“My concepts highlight specific complex situations as autobiographical documentations drawn from earlier and continuous experiences,” explains Stacey, “they attempt to critique stereotypical depictions of me as a black woman now by drawing focus to the mind’s suppleness deliberated from a psycho emotional perspective. As I probe unsettling narratives on the subject of identity, gender, spirituality and cultural mysticism, the past and present I am interested in how these materialise into created imagined spaces. Material has been pivotal in my work and secondary to concept, from which concept is the driving force for materials used and how they paint an overall picture. During my residency with the Bag Factory, I am exploring new techniques of working, new material and alternative forms of expression and presentation of work earlier created and documented by building up on a specific body of work.”

Performance title: Seat of Honour
Date: 11-15 September 2019
Time: Looped
Venue: Museum of African Design

Selloane Moeti
Artist: Selloane Moeti
Curator: Londi Modiko

Oupa L. Sibeko

Oupa L. Sibeko is an interdisciplinary artist and scholar whose remarkable work has been shown around and outside South Africa. His interdisciplinary praxis moves between theatrical, gallery, scholarly and other public contexts, overtly dealing with matter and politics of the body as a site of contested knowledge. Sibeko’s practice is along the lines of performance that constitutes as research. Other the last few years, Sibeko developed and performed his work, in solo and ensemble forms, culminating from residencies, community work, research and festival participation. His work is highly dialogical and facilitates critical reflexivity. His photo series Black Dog have been exhibited in the group show Conversations, at the National Art Gallery of Namibia in 2016. During this time, Sibeko was doing an art residency in Windhoek, Namibia; in which he participated in a number of workshops and public performances around the city. In another photography-performance project, Reeds of Iqhawe, Sibeko deals with deeply personal material bringing his spirituality, body and culture into play. This work was developed and performed in multiple sites in Johannesburg. In this work, we also began appreciating not only African performative influences on his work but other international practices such as Butoh.
His most recent collaborative work is Dish, performed at Dance Umbrella 2019 at the State Theatre in Pretoria, Sibeko performs a sharp critique on contemporary media and public consumption thereof. As it is with most his work, this two-hander is durational, relational and trans-temporal. This is perhaps what makes Sibeko’s work important in Southern Africa today. It overtly transgresses boundaries of conventions of public culture. Sibeko is also one of the three winners of this year’s David Koloane Award, presented by the Bag Factory Artists’ Studios, and presents Forking Knife, as part of the award.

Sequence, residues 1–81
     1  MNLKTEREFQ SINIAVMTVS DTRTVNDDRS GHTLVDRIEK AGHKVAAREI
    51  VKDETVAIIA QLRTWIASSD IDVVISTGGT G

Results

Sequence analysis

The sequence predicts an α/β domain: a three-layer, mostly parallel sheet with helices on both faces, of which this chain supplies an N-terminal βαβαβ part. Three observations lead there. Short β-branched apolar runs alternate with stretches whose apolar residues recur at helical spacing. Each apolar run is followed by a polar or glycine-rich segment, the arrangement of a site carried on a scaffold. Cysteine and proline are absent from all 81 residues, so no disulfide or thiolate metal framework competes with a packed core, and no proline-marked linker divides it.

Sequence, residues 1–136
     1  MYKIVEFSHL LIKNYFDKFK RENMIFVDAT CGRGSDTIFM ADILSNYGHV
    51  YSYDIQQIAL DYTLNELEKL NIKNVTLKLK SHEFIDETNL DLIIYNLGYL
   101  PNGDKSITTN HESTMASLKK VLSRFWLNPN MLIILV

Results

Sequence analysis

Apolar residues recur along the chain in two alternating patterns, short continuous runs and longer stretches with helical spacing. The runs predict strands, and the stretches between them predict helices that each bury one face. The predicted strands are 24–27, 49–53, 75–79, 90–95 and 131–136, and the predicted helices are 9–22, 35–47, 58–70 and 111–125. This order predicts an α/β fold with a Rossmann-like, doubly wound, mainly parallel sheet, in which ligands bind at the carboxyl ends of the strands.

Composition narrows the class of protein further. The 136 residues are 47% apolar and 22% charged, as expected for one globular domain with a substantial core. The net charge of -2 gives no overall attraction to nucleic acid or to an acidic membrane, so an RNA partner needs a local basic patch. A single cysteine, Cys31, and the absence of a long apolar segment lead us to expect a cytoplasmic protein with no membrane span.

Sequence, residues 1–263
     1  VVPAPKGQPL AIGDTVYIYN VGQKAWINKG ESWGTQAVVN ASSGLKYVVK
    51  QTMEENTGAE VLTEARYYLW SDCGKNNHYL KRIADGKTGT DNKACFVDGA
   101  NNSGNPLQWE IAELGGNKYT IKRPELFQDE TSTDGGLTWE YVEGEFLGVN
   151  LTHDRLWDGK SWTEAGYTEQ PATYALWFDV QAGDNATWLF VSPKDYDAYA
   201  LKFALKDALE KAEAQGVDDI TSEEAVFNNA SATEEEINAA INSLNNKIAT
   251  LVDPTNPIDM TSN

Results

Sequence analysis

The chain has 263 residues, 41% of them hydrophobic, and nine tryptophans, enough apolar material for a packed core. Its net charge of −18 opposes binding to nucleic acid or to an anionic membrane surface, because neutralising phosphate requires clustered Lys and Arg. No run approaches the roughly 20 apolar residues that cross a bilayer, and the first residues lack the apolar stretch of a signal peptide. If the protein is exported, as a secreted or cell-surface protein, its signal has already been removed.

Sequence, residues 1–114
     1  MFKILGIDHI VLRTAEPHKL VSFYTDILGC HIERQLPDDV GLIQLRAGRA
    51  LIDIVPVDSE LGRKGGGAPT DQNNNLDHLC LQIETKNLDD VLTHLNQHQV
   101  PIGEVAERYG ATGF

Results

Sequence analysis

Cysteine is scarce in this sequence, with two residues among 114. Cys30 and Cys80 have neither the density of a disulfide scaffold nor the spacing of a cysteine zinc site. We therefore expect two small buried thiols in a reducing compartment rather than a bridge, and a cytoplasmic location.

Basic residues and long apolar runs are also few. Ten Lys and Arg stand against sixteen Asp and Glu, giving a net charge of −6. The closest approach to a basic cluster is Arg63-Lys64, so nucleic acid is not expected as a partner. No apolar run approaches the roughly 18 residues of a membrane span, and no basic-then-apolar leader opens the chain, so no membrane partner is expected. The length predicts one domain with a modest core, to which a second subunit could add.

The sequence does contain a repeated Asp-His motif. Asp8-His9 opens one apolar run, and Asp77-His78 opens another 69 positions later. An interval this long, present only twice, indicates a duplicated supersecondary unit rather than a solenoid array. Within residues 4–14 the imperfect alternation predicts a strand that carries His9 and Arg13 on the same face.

“I hate taking off my glasses because my eyes go from 1080p full HD to Buffering at 240p and I just cannot handle it,” says Oupa, “Forking knife is a performance art piece that is visually confrontational, inviting viewers to engage with a black body in a three-leg iron cast pot wheeled around in a donkey cart by a white body. It is an invitation to engage with everyday politics, politics of identity, race, wealth and the black and white body in relation to art making and consumption.”

Performance title: Forking knife
Date: 11 September 2019; 15 September 2019
Time: Unspecified
Venue: Museum of African Design

Wezile Mgibe

Born in Port Elizabeth, South Africa, Wezile Mgibe’s interdisciplinary practice encompasses performance, visuals and installation as a tool for social change, and exercises a strong movement improvisation technique in doing so. Mgibe has training in contemporary dance, Jazz and Afro fusion, and he possess a musical theatre background. He has recently been awarded a David Koloane Award 2019, The PE Opera House Dance Season 2018. He is an PIAD OpenLab Artist Residency alumnus 2016, The Forgotten Angle Theatre Collaboative Artist in Residency 2014. Mgibe’s work has been commissioned and witnessed in various locations including; Iziko South African National Gallery ICA Live Art 2018, The South African State Theatre 2018, Norval Foundation Opening(Guest Performance 2018), Vrystaat Kunstefees (2017/ 2018), The National Arts Festival Main(2019), Dance Umbrella Africa (2019) and Carbonarium International Performance Art in Kyiv, Ukraine (2019). Mgibe is currently in residence at the Bag Factory Artists’ Studios, as one of the three recipients of the prestigious David Koloane Award, and presents Collecting bodies, as part of the award.

“Baxelele Mabahambe”, that was an instruction coming from Thozama’s Mother after she found out her Lesbian daughter was killed by one of the community members when the public visited her in KwaNoBuhle. In Collecting Bodies we enter into healing rituals that evoke the returning of souls – those who were abducted and assaulted as a result of sexual preferences and personal choices – to their rightful homes. The performance forms part of a series of ongoing works around post-apartheid trauma called In These Streets.

Performance title: Collecting bodies
Date: 12 September 2019
Time: 1.30 PM
Venue: Museum of African Design Entrance

WOMXN Underground
Artists: Babalwa Tom
Amy Simons
Curator: Carlyn Strydom

Street view
Artists: Sebastian Borckenhagen
Allison Klein
Francis Burger
Bolelang Leepile
Curator: Olwandle studio:
Amaya Delmas

Warther Dixon
Artists: Warther Dixon
Curator: UNDERLINE projects